The objective of this meta-analysis was to evaluate prospective trials of general or locoregional anesthesia on reproductive outcomes (cleavage and pregnancy rate) for in vitro fertilization (IVF). Of 115 published studies retrieved from a search of articles indexed on MEDLINE from 1966 to February 1999, four studies with distinct general and locoregional anesthesia were deemed eligible for meta- analysis. The pooled relative risk and odds ratios were calculated. A test for homogeneity was also performed. The pooled log odds ratio was 1.03 (95% CI 0.90-1.18) in cleavage rate and 0.71 (95% CI 0.47-1.08) in pregnancy rate. Heterogeneity was negative. Cleavage and pregnancy rates were not significantly different in both the general anesthesia and locoregional anesthesia groups. Both anesthetic techniques were favorable to IVF procedure by available published evidence when anesthesia was needed. (+info)
Severe vasovagal attack during regional anaesthesia for caesarean section.
A patient experienced a severe vasovagal attack during regional anaesthesia for elective Caesarean section. The combination of vagal over-activity and sympathetic block produced profound hypotension that threatened the life of the mother and infant. The vasovagal syndrome is described, and its prevention and management discussed. (+info)
The effect of anesthetic technique on postoperative outcomes in hip fracture repair.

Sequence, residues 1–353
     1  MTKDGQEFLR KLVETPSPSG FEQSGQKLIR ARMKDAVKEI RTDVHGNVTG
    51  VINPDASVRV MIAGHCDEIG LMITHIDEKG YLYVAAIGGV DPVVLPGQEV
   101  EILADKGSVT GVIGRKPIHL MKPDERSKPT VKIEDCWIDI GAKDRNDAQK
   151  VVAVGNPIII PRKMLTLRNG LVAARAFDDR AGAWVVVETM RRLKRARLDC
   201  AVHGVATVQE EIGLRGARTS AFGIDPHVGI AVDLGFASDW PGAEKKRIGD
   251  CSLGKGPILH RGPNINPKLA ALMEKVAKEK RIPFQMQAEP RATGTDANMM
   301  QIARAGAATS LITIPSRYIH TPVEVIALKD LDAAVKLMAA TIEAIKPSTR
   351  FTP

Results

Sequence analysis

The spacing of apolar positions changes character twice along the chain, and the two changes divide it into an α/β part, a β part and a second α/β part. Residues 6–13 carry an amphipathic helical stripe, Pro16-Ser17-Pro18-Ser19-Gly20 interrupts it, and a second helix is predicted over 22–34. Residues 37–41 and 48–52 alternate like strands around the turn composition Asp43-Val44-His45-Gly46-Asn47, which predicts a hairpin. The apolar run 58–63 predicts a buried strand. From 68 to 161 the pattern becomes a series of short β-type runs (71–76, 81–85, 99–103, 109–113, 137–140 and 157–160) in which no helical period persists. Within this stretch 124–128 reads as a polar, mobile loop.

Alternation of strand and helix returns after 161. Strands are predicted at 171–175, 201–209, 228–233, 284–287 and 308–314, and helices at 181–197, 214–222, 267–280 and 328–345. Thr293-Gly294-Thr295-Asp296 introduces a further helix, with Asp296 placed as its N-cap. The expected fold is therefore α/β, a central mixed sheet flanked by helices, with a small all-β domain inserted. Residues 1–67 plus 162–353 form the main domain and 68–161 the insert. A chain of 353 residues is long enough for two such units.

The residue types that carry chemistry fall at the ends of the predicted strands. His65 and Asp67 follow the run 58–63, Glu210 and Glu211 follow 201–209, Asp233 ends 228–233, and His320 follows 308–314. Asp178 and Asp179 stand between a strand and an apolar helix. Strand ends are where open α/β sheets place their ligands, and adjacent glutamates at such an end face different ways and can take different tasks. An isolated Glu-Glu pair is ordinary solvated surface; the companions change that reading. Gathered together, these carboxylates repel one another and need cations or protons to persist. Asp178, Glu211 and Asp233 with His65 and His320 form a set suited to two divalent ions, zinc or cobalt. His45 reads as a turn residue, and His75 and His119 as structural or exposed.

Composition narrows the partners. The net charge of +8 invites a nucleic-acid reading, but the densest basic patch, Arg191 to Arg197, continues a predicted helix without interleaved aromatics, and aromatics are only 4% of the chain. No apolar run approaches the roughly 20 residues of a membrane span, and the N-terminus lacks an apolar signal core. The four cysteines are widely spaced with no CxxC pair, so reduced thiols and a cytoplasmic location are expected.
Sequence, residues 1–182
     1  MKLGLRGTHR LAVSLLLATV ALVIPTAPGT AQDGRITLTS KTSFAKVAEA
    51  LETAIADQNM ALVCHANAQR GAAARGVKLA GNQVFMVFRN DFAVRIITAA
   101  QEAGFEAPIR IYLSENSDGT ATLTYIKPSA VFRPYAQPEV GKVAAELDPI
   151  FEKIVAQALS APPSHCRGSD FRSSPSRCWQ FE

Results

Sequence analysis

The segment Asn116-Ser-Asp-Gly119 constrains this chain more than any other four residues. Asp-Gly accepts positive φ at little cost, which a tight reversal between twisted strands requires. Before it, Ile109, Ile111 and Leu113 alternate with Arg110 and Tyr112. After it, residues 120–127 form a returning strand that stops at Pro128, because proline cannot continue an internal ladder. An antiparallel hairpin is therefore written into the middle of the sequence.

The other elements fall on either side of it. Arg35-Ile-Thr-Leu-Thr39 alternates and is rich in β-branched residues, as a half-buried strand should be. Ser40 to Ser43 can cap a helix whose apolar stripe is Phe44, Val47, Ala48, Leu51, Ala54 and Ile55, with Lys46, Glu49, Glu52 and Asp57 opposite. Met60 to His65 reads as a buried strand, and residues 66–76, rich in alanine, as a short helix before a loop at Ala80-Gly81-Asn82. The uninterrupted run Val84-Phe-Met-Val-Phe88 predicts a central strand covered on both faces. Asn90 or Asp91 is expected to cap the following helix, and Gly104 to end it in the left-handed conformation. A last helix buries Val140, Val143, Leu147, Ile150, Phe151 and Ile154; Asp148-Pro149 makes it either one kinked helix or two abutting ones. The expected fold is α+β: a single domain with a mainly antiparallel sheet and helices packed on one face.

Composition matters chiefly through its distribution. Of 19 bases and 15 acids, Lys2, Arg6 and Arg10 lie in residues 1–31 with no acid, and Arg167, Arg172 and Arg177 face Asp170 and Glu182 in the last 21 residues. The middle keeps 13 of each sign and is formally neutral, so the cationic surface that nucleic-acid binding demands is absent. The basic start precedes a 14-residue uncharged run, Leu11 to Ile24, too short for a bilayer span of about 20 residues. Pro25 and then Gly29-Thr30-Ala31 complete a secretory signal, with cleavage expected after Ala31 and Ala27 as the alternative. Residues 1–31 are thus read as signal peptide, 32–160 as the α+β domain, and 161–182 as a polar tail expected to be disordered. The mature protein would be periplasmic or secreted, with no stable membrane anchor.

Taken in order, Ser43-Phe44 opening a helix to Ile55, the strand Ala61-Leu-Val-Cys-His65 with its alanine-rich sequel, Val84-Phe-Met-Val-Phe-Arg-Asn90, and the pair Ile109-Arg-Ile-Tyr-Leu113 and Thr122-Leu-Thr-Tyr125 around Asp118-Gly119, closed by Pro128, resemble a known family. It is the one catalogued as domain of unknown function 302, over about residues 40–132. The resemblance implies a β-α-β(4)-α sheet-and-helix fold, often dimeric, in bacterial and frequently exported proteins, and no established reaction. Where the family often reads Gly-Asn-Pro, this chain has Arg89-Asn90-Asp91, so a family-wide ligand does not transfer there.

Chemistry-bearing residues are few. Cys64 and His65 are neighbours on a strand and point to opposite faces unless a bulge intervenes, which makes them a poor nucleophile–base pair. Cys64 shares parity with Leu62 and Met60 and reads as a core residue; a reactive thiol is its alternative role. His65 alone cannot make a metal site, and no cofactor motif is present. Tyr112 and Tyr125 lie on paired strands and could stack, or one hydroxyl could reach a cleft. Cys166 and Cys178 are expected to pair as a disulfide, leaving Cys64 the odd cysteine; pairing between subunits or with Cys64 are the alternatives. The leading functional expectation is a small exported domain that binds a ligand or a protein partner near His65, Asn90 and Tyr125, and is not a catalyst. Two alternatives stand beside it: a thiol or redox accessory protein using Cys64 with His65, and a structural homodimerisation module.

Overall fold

BACKGROUND: The impact of anesthetic choice on postoperative mortality and morbidity has not been determined with certainty. METHODS: The authors evaluated the effect of type of anesthesia on postoperative mortality and morbidity in a retrospective cohort study of consecutive hip fracture patients, aged 60 yr or older, who underwent surgical repair at 20 US hospitals between 1983 and 1993. The primary outcome was defined as death within 30 days of the operative procedure. The secondary outcomes were postoperative 7-day mortality, postoperative myocardial infarction, postoperative pneumonia, postoperative congestive heart failure, and postoperative change in mental status. Numerous comorbid conditions were controlled for individually and by several comorbidity indices using logistic regression. RESULTS: General anesthesia was used in 6,206 patients (65.8%) and regional anesthesia in 3,219 patients (3,078 spinal anesthesia and 141 epidural anesthesia). The 30-day mortality rate in the general anesthesia group was 4.4%, compared with 5.4% in the regional anesthesia group (unadjusted odds ratio = 0.80; 95% confidence interval = 0.66-0.97). However, the adjusted odds ratio for general anesthesia increased to 1.08 (0.84-1.38). The adjusted odds ratios for general anesthesia versus regional anesthesia for the 7-day mortality was 0.90 (0.59-1.39) and for postoperative morbidity outcomes were as follows: myocardial infarction: adjusted odds ratio = 1.17 (0.80-1.70); congestive heart failure: adjusted odds ratio = 1.04 (0.80-1.36); pneumonia: adjusted odds ratio = 1.21 (0.87-1.68); postoperative change in mental status: adjusted odds ratio = 1.08 (0.95-1.22). CONCLUSIONS: The authors were unable to demonstrate that regional anesthesia was associated with better outcome than was general anesthesia in this large observational study of elderly patients with hip fracture. These results suggest that the type of anesthesia used should depend on factors other than any associated risks of mortality or morbidity. (+info)